Bug Bite Treatment
One of the most common questions we get from May to August is, “How can we get rid of bug bites?” Many people during the hot summer months are afflicted with bug bites. Not much else can ruin a summer vacation more! Although annoying, most bug bites in the US do not carry the risk of transmitting diseases (there are exceptions). The risk for secondary bacterial infection exists with all itchy bug bites, so always be sure to keep the affected area clean.
What Does a Mosquito Bite Look Like?
Do you see a white raised bump on your skin with a tiny red dot in the middle? Do you have a few hard, reddish bumps with swelling around the base? These symptoms indicate mosquito bites. Other tell-tale symptoms include bleeding, incessant itching, swelling, and soreness around the affected area.
Some patients with immune system disorders can experience more severe symptoms that include hives, swollen lymph nodes, headaches, fever, and extreme swelling. Those with allergic reactions to mosquito bites may see blistering, inflammation, and other reactions similar to asthma. It’s possible for some patients to become immune to these bites and not experience any skin reactions or itching at all.
What Does a Black Fly Bite Look Like?
Bites from a black fly are sometimes so small that they can’t always be seen, but they usually induce some degree of pain. These bites result in anywhere from mild to severe swelling, sometimes up to the size of a golf ball. “Black fly fever,” an extreme case, is attested to headache, fever, nausea, and swollen lymph nodes in the neck.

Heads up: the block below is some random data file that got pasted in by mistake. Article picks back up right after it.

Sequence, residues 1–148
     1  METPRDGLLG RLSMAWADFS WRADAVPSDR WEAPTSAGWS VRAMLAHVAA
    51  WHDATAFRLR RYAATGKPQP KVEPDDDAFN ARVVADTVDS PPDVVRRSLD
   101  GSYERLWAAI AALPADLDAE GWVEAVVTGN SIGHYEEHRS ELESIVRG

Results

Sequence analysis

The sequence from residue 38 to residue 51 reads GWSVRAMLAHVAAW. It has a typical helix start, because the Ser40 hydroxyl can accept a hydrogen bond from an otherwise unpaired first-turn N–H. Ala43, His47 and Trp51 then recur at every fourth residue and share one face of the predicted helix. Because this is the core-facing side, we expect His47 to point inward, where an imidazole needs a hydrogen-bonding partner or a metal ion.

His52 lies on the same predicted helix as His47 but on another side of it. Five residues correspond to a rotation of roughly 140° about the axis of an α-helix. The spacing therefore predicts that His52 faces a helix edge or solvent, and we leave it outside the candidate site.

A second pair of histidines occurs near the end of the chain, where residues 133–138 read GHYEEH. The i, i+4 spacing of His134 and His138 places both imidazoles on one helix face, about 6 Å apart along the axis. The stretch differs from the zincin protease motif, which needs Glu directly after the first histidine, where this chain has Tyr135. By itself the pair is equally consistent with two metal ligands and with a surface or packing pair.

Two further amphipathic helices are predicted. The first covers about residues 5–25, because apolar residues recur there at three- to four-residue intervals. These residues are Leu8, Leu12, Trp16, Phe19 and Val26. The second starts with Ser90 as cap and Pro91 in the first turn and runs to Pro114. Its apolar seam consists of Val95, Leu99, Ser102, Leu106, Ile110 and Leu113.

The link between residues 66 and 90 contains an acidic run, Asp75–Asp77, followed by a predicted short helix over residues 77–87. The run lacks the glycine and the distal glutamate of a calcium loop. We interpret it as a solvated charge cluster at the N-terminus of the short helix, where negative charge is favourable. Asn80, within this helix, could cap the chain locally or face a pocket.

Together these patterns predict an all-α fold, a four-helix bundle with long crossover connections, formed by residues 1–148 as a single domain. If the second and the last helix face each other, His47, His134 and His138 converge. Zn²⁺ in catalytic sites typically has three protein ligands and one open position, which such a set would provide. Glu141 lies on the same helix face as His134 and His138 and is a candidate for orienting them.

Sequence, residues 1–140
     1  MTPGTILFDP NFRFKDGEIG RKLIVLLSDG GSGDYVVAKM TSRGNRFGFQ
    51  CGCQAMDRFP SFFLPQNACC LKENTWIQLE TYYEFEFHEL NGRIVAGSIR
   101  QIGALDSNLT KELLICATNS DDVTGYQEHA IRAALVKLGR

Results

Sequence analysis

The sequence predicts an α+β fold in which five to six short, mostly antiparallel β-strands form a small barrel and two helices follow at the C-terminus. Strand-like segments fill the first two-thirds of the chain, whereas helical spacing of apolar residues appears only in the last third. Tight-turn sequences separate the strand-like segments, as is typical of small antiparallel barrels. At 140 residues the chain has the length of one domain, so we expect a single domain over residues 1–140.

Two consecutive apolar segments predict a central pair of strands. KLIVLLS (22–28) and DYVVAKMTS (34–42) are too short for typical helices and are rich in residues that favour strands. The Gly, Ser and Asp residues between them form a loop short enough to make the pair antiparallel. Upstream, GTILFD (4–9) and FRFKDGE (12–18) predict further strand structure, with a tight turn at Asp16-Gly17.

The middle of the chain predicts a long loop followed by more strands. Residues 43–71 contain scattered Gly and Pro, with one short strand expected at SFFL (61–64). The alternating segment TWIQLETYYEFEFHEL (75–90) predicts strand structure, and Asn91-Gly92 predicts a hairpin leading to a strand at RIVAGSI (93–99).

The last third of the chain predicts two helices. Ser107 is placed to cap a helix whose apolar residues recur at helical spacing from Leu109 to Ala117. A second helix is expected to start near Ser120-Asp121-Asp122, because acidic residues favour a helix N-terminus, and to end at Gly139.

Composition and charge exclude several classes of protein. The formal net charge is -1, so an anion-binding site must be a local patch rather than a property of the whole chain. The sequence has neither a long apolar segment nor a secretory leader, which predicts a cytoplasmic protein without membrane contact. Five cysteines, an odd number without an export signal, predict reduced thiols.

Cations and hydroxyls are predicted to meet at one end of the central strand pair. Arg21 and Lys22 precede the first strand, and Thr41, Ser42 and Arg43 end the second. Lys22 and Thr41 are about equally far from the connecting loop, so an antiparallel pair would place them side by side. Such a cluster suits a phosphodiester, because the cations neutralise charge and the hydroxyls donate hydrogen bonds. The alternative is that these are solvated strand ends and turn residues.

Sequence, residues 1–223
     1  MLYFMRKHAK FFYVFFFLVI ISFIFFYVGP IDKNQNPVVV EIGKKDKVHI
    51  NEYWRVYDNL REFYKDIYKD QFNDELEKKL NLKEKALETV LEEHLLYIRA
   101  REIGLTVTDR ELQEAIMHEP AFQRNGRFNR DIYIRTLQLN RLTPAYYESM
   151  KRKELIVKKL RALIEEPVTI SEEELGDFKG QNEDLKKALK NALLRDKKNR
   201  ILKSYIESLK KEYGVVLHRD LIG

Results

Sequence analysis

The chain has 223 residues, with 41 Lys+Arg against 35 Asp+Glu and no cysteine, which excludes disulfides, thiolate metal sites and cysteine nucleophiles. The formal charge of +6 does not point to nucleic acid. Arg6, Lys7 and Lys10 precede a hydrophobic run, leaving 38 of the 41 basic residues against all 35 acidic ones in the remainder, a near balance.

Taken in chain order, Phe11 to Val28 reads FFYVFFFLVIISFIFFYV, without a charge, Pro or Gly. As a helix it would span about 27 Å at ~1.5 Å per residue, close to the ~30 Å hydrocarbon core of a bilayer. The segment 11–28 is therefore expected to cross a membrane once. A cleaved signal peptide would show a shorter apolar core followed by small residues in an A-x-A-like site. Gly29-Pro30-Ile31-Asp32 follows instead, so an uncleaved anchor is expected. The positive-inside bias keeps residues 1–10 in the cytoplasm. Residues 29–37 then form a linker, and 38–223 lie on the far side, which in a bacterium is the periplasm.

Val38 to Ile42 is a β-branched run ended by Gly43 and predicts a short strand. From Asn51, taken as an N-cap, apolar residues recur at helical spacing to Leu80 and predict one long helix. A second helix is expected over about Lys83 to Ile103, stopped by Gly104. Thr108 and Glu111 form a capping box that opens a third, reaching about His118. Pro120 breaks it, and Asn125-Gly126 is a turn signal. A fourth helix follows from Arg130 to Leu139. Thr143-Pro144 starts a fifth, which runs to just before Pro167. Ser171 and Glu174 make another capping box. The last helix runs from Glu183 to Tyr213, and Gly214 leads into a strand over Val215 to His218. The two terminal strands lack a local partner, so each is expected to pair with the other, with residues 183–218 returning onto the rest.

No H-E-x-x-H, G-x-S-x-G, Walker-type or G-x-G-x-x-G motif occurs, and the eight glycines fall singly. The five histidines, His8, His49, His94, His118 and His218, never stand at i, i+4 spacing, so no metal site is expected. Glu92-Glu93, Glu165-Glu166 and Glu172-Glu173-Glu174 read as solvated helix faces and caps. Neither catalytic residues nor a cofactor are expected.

What Does a Deer Fly Bite Look Like?
Deer fly bites are detected by a swelling bump with an itchy red center. These flies have sharp, scissor-like mouths that they use to cut open the skin for their blood meal. They drink from the flow of blood that issues from the wound. Deer flies are one of the few types of fly in the US that can transmit diseases. These disease can include symptoms such as skin ulcers, fever, and headache.
Our Solution to Eliminate Bug Bites
For minor bites, a cold compress will lessen the swelling. Anti-inflammatory medications like ibuprofen can help as well. For more serious or persistent instances, we recommend over-the-counter hydrocortisone, a steroid that will treat the inflammation. To address the itching, we recommend Sarna Anti-Itch or tea tree oil (especially lavender). If the area becomes very red and starts to ooze, infection could be setting in. At this point, we recommend an appointment.